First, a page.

Friday, October 24, 2014

Foreign Friday

unknown bus lady and bus driver
Southern Japan tour
Spring 1980
All of the bus tours that I took were amazing, mostly due to the professionalism of the bus lady (similar to a flight attendant on a plane) and the bus driver. Both wore uniforms, and they didn't differ much from company to company. The drivers always wore white gloves while driving and when assisting with bags.

I wonder if the buses still have bus ladies and if the drivers still wear the uniform and white gloves.

Thursday, October 23, 2014

Wild and Free's Progress

Framing the stars
Wild and Free is progressing nicely. I made strip sets with 2.5 inch strips and then cut them into 2.5 inch sections.
Adding the center panel
Once the star sections were framed with the strip sets, it was time to frame the center section with the brown and add strip sets to the side. If you look closely at the center panel, you will notice that I pieced two panels together, creating a longer (wider) panel. I tried to match the flow of the mountain range and hoped the caribou section would correspond as well. I am pleased with the result.

I plan to add another brown frame around the entire piece and then a wide green border.

Wednesday, October 22, 2014

On The Road - Unique ATM

JL Beers
Fargo, ND
While shopping in downtown Fargo several years ago, my two sisters and I went to JL Beers for a burger.  If you've seen the movie Sister Act when the nuns walk into the bar, you'll understand the looks my sisters and I got when we walked into this bar and grill filled with young people. It was priceless, and I could almost hear them mutter: "If this turns into a senior citizen bar, then I won't be back."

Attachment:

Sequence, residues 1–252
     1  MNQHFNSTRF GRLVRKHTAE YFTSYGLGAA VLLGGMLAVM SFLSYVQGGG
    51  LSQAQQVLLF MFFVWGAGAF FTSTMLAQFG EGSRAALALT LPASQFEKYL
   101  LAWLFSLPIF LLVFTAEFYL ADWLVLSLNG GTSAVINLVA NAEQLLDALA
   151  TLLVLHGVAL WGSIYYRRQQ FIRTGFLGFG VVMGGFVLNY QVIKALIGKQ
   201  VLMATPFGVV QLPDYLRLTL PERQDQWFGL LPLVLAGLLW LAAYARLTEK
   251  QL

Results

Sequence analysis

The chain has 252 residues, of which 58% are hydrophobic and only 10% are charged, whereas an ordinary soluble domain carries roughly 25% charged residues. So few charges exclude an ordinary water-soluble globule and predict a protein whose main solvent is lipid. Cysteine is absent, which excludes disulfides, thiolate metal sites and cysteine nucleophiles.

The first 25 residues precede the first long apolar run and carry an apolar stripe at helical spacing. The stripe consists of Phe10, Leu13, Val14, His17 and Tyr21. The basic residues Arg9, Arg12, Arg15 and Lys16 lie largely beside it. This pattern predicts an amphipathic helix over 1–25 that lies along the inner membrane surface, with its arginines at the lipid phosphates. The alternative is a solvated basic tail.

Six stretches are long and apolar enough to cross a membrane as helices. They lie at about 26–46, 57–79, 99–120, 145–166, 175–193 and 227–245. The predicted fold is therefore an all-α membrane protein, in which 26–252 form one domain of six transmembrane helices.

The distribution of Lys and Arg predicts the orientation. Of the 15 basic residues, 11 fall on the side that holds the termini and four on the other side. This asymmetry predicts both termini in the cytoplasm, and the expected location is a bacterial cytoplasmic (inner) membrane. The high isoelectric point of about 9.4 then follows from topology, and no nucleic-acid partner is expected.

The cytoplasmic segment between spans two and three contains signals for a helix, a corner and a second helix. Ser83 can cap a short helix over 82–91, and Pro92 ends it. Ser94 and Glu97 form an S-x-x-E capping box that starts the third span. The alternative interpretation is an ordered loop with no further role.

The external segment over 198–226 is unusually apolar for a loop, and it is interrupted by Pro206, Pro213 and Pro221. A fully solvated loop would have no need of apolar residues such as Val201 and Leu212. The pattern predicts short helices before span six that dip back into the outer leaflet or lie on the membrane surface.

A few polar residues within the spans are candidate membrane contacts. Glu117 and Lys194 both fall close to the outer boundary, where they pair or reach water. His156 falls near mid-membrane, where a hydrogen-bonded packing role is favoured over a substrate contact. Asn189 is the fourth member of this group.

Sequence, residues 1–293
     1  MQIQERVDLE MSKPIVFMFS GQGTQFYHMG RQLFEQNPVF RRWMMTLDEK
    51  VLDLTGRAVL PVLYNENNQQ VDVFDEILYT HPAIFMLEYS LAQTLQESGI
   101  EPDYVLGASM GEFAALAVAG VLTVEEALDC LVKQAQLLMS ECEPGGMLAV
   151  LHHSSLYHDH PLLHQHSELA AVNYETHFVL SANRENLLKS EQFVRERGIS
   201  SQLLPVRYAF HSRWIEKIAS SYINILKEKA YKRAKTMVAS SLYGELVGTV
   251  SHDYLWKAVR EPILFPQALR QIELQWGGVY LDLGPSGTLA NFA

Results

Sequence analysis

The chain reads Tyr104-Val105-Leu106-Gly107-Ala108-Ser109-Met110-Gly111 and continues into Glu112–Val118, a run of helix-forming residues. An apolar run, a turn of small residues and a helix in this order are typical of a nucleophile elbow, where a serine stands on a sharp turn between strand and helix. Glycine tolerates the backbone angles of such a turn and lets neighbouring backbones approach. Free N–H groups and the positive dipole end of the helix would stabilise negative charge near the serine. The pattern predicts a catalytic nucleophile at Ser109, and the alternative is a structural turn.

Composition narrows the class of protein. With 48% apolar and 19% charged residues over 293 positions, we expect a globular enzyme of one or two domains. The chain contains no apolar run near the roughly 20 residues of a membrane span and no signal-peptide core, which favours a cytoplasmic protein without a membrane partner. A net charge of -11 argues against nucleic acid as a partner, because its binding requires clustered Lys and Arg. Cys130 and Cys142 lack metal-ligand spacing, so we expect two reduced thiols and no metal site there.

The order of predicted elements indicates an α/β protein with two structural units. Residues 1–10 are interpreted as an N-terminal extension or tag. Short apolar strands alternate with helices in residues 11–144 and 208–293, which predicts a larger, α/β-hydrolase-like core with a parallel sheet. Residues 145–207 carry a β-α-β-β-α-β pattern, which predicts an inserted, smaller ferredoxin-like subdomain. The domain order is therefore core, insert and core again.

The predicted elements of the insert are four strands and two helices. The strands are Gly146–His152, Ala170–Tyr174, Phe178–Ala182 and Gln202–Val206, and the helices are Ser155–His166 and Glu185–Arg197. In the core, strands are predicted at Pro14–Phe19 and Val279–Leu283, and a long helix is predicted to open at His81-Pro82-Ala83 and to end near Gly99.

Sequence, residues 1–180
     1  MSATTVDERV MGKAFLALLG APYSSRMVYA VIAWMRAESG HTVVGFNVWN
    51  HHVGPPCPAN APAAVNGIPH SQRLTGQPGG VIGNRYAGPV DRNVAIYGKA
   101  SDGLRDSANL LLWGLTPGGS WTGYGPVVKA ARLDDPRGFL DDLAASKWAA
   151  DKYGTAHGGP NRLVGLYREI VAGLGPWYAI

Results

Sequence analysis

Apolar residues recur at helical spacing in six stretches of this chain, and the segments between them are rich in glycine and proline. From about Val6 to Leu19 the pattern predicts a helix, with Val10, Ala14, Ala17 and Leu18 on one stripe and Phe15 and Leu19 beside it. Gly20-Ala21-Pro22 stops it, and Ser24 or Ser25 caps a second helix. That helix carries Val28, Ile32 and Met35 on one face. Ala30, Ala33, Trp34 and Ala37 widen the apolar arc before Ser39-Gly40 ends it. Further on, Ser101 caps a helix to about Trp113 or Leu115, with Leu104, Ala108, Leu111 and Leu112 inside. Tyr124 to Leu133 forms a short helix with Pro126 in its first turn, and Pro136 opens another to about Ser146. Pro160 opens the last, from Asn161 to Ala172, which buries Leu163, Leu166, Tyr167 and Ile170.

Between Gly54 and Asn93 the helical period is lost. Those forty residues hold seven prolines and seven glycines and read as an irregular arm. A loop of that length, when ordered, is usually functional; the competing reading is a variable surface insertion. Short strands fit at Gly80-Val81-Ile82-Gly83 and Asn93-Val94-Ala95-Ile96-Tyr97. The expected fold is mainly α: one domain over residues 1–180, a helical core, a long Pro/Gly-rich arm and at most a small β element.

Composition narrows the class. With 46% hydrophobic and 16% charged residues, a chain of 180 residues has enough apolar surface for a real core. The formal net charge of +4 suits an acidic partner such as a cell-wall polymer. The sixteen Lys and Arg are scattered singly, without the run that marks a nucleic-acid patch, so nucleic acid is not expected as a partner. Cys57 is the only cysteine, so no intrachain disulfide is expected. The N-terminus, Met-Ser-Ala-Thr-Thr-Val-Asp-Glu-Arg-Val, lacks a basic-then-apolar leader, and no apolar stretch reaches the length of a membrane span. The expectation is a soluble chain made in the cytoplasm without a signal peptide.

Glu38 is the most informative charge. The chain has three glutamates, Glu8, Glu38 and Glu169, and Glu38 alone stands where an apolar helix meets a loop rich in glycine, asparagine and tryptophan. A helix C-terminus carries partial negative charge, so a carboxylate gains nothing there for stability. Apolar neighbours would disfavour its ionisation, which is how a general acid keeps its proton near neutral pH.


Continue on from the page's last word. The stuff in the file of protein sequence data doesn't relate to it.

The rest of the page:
The food was excellent and the ATM in a door at the back of the bar was begging to be photographed.

A photo of another unique ATM that I saw in Hawaii can be seen in this post.

Tuesday, October 21, 2014

Wandering & Pondering

Mountain View Cemetery
Riverton, WY
I sometimes like to wander through the local cemetery and stop and ponder the gravestones.

This stone made me smile at its simplicity and playfulness, but I also wonder. . .

How old was Baby Snook?
Did Baby Snook like to play with marbles or did an older sibling?
Did tiny hands push the marbles into the cement under the guidance of Mom and Dad?
What is the significance of the three marble holes at the top of the stone? Do they represent other family members?
Were family finances tight?
Do family members still visit Baby Snook's grave?

I wonder. . . Do you?

Monday, October 20, 2014

Wild and Free - finally beginning

Selection of fabrics for Wild and Free
October 2014
Several years ago I purchased two wildlife panels at a quilt shop. Then, I began purchasing colorful fabrics that I thought would complement the panels. Then the panels and fabric marinated for many, many months (okay, years) until I finally decided to do something with them.

This summer, I pulled the fabrics and panels out and began dreaming, scheming and planning. Last week, I made the first cuts and turned the smaller segments into giant stars.